A Love Letter to the Sims Community

In Features by KatherineLeave a Comment

I’ve been a gamer since I was old enough to understand how to use a mouse. My earliest memories are ones of me and my sister sitting around the computer in my cousin’s bedroom (a wild concept in 2002), building our dream houses in her dad’s copy of The Sims. Since the Sims 2 Double Deluxe dropped in 2008, I have at one point or another owned every Sims product put on the market, and I’ve downloaded gigabyte after gigabyte of mods and custom content.

And I’m not the only one. The Sims franchise has sold over 29 million copies across all four iterations, and that doesn’t include sales for the console iterations or all the expansions and game packs that traditionally follow each release.

Despite its massive success, Sims players are often looked down upon by other people in the gaming community. When I tell my friends who play more “serious” AAA console titles that I love to play Sims, they treat it like a joke or something that I shouldn’t be taking as seriously as I do my other hobbies. For content creators like myself, The Sims is as serious as any other game. YouTubers like The Sim Supply and Deligracy have amassed followings of over 500,000 through gameplay and build videos of the Sims 4. Modders and Custom Content creators have thousands of followers on Tumblr, and sim-specific sites like thesimsresource.com and modthesims.info boast hundreds of thousands of custom pieces of clothing and furniture across all four installments of the game. These mods and CC items add more levels of customization to the game, allowing players to create Sims with vast wardrobes and deeper, more interesting lives. 

On the surface, The Sims is pretty basic. It’s a sandbox game where the player creates and controls every detail of virtual people’s lives from their physical appearance to their career and who they marry. While the premise may not sound exciting in itself, the community has created a massive archive of gameplay challenges that encourage players to use new approaches to gameplay that make a new and exciting experience every time you load up the game. The level of creativity and dedication that goes into the creation of these challenges is inspiring, and watching the results play out in your own game is incredibly entertaining. I’ve played several challenges myself, and every time I find myself enjoying parts of the game that I’ve never wanted to put effort into exploring before.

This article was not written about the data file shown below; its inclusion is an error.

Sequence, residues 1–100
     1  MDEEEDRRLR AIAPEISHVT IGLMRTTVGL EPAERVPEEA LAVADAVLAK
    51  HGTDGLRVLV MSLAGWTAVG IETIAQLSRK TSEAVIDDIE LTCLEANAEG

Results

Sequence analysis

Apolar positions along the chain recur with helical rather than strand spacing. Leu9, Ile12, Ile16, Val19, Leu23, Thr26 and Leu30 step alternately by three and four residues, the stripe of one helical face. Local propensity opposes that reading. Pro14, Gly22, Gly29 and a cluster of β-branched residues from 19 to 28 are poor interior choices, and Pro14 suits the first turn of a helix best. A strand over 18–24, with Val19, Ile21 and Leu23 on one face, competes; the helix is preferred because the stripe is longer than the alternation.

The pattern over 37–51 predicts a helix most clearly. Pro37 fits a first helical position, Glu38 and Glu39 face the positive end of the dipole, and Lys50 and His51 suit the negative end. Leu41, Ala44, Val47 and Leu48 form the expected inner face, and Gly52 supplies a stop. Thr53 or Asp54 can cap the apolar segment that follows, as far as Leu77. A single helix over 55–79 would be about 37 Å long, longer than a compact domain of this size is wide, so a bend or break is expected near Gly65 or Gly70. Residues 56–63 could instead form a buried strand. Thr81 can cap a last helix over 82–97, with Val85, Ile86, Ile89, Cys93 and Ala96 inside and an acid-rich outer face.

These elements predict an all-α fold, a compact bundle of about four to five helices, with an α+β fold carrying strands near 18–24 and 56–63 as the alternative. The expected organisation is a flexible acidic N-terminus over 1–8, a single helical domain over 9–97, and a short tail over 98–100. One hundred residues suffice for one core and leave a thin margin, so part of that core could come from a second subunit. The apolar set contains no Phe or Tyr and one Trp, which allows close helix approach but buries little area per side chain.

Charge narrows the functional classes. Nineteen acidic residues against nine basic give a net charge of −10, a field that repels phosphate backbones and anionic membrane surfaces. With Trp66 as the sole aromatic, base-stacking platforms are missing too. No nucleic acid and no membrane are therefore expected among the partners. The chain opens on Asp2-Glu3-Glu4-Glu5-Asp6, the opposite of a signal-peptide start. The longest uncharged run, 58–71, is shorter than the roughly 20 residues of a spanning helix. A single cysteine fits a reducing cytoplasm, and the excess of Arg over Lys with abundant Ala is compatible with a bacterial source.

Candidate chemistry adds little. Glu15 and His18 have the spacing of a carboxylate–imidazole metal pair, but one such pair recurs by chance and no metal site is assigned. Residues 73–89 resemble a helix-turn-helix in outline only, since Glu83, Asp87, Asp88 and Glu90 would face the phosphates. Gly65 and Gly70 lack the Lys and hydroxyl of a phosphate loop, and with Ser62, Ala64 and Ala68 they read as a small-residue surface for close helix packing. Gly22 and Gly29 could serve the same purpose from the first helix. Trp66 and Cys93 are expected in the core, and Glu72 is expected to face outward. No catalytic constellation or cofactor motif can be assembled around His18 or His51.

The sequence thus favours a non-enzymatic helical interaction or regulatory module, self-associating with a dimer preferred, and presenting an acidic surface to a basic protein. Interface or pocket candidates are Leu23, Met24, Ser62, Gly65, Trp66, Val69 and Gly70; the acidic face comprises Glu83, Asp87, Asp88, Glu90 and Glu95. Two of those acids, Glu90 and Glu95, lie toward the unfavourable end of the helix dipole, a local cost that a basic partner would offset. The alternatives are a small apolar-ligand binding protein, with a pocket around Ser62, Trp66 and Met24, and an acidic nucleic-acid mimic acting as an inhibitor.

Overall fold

It’s not just the community that makes the game truly enjoyable. The devs, known as Sim Gurus, make the game enjoyable as well. They’re a group of people who are highly involved in the community and take player feedback to heart. Almost all of the main player complaints (no pools, no toddlers, no pets) have been addressed and added to the game via either patch or Expansion Pack. Additionally, every year, the Sims Team invites influential YouTubers and content creators to an event called Sims Camp, where creators have the opportunity to play new Sims products, interact with the game devs, and give immediate feedback. Very few studios take this kind of time to get player feedback on their products, and the love the Gurus have for players shows. They take player criticism and reviews into consideration when creating new packs, even to the point where they asked the community to give their own feedback and help design a new stuff pack, slated for release outside of their standard schedule. 

The Sims Franchise is a timeless one. Millions of players across the globe have poured hundreds of hours into playing and creating. Personally, I have 334 hours logged for Sims 4 alone, not counting the time I put into editing pictures and videos. As a loyal player since 2002 and a dedicated community member since 2009, I am excited to watch the community grow and continue to challenge the way that people view, and play, The Sims. 

Katherine on TwitterKatherine on Youtube

Your Dungeon Master, best friend, and contributor for Obilisk.

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